Visfatin and its Role in Breast Cancer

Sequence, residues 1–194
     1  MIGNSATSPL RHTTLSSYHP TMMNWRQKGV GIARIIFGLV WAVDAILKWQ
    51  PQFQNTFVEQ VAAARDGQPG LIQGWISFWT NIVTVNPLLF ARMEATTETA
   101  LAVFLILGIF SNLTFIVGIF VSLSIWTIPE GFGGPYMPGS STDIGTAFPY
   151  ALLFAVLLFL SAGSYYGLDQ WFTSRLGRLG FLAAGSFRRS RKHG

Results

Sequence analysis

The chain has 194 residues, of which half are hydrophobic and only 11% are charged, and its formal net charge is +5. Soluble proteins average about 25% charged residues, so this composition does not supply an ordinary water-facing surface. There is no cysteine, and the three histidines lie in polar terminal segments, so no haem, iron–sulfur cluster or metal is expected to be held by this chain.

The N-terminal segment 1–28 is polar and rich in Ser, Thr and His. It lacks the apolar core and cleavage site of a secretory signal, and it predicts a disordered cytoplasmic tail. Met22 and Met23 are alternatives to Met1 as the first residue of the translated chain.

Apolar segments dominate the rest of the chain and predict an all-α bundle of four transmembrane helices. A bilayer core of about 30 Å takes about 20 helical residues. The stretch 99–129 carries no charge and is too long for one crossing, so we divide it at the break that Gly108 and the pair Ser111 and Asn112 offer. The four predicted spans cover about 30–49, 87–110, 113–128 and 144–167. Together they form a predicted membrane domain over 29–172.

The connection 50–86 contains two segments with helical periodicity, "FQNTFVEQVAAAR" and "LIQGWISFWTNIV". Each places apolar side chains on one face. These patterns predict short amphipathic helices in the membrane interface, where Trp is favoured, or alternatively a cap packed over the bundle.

Breast cancer, the most common cancer in women, is a leading cause of cancer death among women worldwide. Obesity is associated with increased risk of breast cancer. Discovery of biomarkers that can be used for diagnosis, prognosis, and predictors of breast cancer is very important. Visfatin, a new adipokine found in visceral fat, plays a main role in metabolic and stress responses. There is an association between elevated expression of visfatin with malignant behavior and adverse prognosis in breast cancer. Visfatin promotes malignancy via signaling pathways that include Ras, Raf, MEK1/2, ERK, phosphoinositide 3-kinase (PI3K), Akt, and NF-κB. Visfatin up-regulates G1- S phase cell cycle progression through up-regulation of mRNA levels of cyclin D1 and CDK2. Visfatin plays a main role in metastasis and synthesis of genes that play a significant role in tumor-related angiogenesis such as vascular endothelial growth factor, progression and tumor invasion such as matrix metalloproteinases in cancer. Visfatin may increase breast cancer cell growth and metastasis capability through c- Abl and STAT3 activation (two oncoproteins). According to the results of these studies, visfatin expression appears to be associated with virulent behavior and its inhibition may be an effective treatment for breast cancer patients.
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